As promised I’m going to tell you about my Father’s Day present.  Yesterday we picked up a new GreenWorks 40V 19″ cordless electric lawn mower at Lowes. As soon as our old Troy-Bilt mower kind of gave up the ghost, and coinciding with a comparison test in The Family Handyman magazine, I started researching a new mower.  Our old one was gas powered, and was giving me quite a few problems as of late. It would guzzle gas, belch out smoke and had a tough time maneuvering over the rough terrain of our yard.  Even though I’d just changed the oil it sputtered to a slow intermediate death earlier this week.  I could get it fixed up again but thought maybe it was time to rethink the mower situation. After all, I had previously reattached the front wheel axle when it fell off last year, but the axle still flopped around. And just this week I took off the front safety shield so the mower could clear the rough terrain.  Maybe after 9 years it was time for a new mower. Christine was never a fan of the old mower because the “self propelled” feature never even worked very well which meant she couldn’t mow the lawn.

I was intrigued by the idea of an electric mower after reading the comparison in the magazine. So I went online to Lowe’s and Home Depot’s websites to see what they had to offer. Pretty much all the mowers in the article could be bought at one or the other store. I focused in on the 19″ models, as opposed to 14″. This would mean fewer passes back and forth when cutting our 4,200 sq. ft. front lawn. I also keyed in on lithium ion batteries as opposed to lead acid; both are rechargeable. The lithium batteries are like the ones you use in your cordless power equipment.  In fact you can use the lithium ion batteries in the mower and also other power tools. They are interchangeable. The weight savings is 20-40 lbs. by going lithium vs. lead battery.  The lithium batteries also charge in and hour or two vs. 12 hours for a lead acid battery. I’m not sure what the advantage of a lead acid battery is other than it’s tried and true technology.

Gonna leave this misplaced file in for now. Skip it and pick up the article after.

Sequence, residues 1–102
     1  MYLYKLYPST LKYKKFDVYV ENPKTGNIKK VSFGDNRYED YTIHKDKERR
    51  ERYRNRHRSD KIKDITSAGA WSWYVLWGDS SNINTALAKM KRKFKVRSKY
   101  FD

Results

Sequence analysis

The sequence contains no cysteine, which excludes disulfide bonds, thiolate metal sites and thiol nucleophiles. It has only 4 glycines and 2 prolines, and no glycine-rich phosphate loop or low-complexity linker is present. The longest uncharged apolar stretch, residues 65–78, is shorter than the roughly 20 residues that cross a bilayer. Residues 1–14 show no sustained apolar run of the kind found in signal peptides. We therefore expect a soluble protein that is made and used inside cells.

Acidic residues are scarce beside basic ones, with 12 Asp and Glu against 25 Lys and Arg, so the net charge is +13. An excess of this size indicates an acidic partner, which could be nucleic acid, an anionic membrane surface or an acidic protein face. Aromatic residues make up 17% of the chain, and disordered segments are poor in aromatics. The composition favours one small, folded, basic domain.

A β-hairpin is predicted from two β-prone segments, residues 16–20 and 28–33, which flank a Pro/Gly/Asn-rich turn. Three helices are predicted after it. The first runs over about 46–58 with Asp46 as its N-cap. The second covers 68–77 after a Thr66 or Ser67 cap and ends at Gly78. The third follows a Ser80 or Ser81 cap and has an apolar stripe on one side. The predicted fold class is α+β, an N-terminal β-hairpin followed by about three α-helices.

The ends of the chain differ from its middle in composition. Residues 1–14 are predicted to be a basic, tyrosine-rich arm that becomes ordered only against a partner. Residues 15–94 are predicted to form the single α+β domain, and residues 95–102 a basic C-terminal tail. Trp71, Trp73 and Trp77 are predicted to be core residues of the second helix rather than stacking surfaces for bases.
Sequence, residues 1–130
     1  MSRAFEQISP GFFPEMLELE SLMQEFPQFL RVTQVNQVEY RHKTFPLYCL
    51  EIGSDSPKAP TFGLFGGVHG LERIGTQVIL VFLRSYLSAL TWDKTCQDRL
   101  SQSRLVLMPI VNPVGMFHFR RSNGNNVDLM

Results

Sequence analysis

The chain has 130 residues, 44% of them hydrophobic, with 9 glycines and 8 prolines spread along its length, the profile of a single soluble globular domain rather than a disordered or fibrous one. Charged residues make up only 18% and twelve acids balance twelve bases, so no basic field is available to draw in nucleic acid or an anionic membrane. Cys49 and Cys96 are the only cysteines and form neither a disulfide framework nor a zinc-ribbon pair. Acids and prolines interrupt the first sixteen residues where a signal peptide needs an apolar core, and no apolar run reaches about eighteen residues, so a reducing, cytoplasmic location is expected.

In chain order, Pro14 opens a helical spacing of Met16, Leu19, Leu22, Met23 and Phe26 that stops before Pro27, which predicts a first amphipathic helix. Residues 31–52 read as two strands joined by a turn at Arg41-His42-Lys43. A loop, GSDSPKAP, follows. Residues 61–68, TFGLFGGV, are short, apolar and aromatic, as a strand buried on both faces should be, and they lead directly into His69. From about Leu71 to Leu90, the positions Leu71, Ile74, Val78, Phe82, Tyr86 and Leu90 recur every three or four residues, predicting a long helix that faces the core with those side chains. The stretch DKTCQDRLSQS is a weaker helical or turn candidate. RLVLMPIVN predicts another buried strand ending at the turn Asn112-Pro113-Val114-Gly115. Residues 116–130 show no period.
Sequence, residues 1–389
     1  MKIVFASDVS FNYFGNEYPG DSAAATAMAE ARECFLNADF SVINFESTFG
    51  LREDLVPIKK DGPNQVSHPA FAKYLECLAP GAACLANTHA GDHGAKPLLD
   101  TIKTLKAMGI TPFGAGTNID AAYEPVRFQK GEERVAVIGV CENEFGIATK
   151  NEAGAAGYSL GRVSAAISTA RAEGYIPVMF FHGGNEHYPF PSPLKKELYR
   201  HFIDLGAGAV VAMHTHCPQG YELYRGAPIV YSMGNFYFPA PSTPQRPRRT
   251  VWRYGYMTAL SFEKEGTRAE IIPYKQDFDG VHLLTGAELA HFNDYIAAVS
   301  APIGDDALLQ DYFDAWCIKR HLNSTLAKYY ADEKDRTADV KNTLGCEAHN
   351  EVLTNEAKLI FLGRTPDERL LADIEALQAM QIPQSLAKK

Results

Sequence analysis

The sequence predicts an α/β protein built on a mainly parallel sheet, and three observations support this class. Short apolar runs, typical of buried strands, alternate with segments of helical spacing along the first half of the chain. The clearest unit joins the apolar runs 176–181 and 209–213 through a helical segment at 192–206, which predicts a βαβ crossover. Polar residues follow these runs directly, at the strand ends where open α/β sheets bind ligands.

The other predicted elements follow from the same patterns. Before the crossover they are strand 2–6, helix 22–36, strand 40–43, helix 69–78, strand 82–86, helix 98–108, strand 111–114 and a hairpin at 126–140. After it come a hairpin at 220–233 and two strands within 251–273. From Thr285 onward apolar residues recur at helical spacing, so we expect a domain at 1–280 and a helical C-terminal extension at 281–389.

I was leaning to the GreenWorks 19″ mower from the get go because of it’s size, light weight and battery type. And remember, I was not a fan of the GreenWorks tiller, as the wheels literally fell off when I used it, but since then I’ve come to terms with that unit, and am wiling to give GreenWorks another shot based on my research. When I read the reviews on Lowe’s website (Lowe’s is the only place that sells them locally as far as I could tell, plus we had a $25 coupon), the mower got 4.2 out of 5 stars.  Many of the reviews spoke highly of its performance and I was willing to risk any of the negative reviews which focused on a few minor quality problems with the ignition. The magazine listed the price as $449, but Lowe’s listed it at $349…plus our coupon and it was available at a local store. All and all I was satisfied and went to the store to pick one up. Now the one in the store is model 25223, which includes two batteries, one regular capacity and one half the capacity of the other. Model 25312 includes two regular batteries, but that isn’t offered at Lowes. Based on the reviews I was fine getting the one and a half battery set. I like the idea of two batteries regardless of size so I can charge one while I use the other. I can always buy another battery, especially if I purchase an electric trimmer to replace my gas trimmer someday.

At the store I examined the mower and its construction. I know where all the weak spot are on a lawn  mower – handle where it connects to the body (same on this unit but more on that later), the metal frame which is good and a rarity on electric mowers. I even picked it up to see how much it weighed (not a one hand task but lighter than a gas mower, it’s specs say 49 lbs.).  The height adjustment lever was head and shoulders in terms of ease of operation compared to my gas mower.  One other nice feature is the large back wheel, much better than regular mowers with small back wheels for going over rough terrain, which we have plenty of in our young yard.

So we loaded up the box and took our new friend home with us. It was to late to do anything last night so this mooring was “go time” to test out the new mower. I unpacked the batteries and charger, read the manual briefly and started charging the big battery. An hour or two later I switched and charged the smaller battery. Then it was time to give it a go. I unpacked the mower and lifted it out (it has a handle on top), it was light and new and oh so awesome.  Happiness.  Set up was a breeze, just unfold the handle and slide in the battery and insert the red key to complete the circuit.  With the wife watching and taking photos I depressed the button and pulled back the bail.  With a subtle “whirr” my little green machine came to life. I quickly mowed the tall grass in the walkway eliminating the chances that ticks could hide there while we got in and out of the car. I then pushed the mower to the front yard to finish what my gas mower didn’t.